These values are made possible by the incredibly light weight of the Brembo brake components and the Marchesini wheel rims: A set of 17’’ magnesium forged rims weighs just 6 kg (13.23 lbs), whereas a pair of 4-piston monobloc calipers for a MotoGP motorcycle is no heavier than 1.5 kg (3.31 lbs), since they are made from a block of aluminum-lithium.
In a stoppie, the front wheel remains solidly on the ground while the rear wheel catapults skyward. Doing one does not require high speed which, to the contrary, is counterproductive for good acrobatics. Any stuntman will tell you that you can do one even at just 40-60 km/h (25-35 mph).
The first to do it frequently in the last two-year period was Toprak Razgatlioglu, initially with the team Puccetti Kawasaki and then with the Factory Yamaha. His control of the motorcycle is unquestionably exceptional, as demonstrated by the numerous stoppies he does where he manages to turn the motorcycle 90 degrees on the front wheel.
His usual plan of action includes entering pit lane at 80 km/h (50 mph) in second gear. Then he applies 12-14 bar (174-203 psi) of pressure on the front brake. When the rear wheel lifts, Razgatlioglu reduces the pressure to 2-3 bar (29-43 psi), maintaining his balance. Then he downshifts to first and uses the rear brake to return to the ground.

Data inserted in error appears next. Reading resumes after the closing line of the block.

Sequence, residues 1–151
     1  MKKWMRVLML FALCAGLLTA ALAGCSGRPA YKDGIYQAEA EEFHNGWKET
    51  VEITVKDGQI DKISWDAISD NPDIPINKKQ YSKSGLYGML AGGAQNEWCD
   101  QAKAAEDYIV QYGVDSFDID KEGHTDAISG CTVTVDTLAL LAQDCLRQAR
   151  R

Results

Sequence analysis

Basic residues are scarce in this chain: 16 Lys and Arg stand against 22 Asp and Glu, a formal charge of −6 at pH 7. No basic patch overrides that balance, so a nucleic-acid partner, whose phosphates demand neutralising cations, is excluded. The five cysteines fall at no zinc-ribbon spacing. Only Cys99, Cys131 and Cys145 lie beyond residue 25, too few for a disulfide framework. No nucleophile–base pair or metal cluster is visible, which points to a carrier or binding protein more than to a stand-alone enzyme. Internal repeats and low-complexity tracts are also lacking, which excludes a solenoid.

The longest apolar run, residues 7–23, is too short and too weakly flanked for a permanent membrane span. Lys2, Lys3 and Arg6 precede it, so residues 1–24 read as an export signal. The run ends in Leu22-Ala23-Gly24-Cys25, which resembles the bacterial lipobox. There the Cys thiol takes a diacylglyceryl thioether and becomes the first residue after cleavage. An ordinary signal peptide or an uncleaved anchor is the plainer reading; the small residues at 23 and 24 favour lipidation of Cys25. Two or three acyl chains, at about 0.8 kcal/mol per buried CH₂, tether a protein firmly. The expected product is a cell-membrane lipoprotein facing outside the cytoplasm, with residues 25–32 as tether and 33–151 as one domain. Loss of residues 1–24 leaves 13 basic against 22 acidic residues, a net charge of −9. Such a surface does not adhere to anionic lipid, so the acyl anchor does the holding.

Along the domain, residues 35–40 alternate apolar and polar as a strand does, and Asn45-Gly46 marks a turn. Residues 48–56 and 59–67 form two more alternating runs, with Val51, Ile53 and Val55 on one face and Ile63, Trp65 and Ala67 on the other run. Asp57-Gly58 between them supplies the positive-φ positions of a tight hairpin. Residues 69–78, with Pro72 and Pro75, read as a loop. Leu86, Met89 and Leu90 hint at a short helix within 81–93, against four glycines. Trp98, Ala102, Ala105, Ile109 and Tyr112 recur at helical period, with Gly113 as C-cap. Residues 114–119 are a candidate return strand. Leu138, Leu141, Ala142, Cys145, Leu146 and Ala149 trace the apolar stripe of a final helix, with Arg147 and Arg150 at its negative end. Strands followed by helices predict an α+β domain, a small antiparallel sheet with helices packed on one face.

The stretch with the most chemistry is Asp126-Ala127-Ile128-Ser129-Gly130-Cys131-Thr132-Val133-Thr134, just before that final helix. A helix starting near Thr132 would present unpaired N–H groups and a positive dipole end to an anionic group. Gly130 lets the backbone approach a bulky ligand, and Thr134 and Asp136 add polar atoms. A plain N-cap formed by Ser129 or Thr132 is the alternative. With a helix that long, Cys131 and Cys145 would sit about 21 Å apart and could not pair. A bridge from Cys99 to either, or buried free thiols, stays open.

The challenge was accepted by Jack Miller with his team Pramac Ducati Desmosedici in the February 2020 Sepang tests and subsequently in the January tests in Jerez by Stefan Bradl with his Honda R213V. They were joined by Lucas Mahias with the Kawasaki Ninja ZX-10RR. All of them have one thing in common: A braking system with discs, caliper, pads and master cylinder by Brembo.
This is yet another confirmation of the confidence all the best riders in the world have in the performance and reliability of Brembo brake components, not by chance used by all the MotoGP, Moto2, Moto3 and MotoE riders and by most of those who race in the World Superbike Championship.
Clearly, to do a stoppie, you have to be decisive on the front brake and ignore the rear. The body position is also rather important, starting with your elbows, which shouldn’t be locked, whereas the knees should be squeezed together almost as if you wanted to hug the fuel tank.
As the tenths of a second pass, pressure on the front brake should be progressively reduced to avoid flipping over. In these phases, the rear wheel is off the ground and the rear brake should be used only when it begins its descent.
Using the rear brake in the initial phases of the stoppie would instead block rotation of the rear wheel, impacting the overall motorcycle-rider balance. It would also be a mistake to lean the torso forward in an unnatural position, because it would throw off the overall rider-motorcycle center of gravity.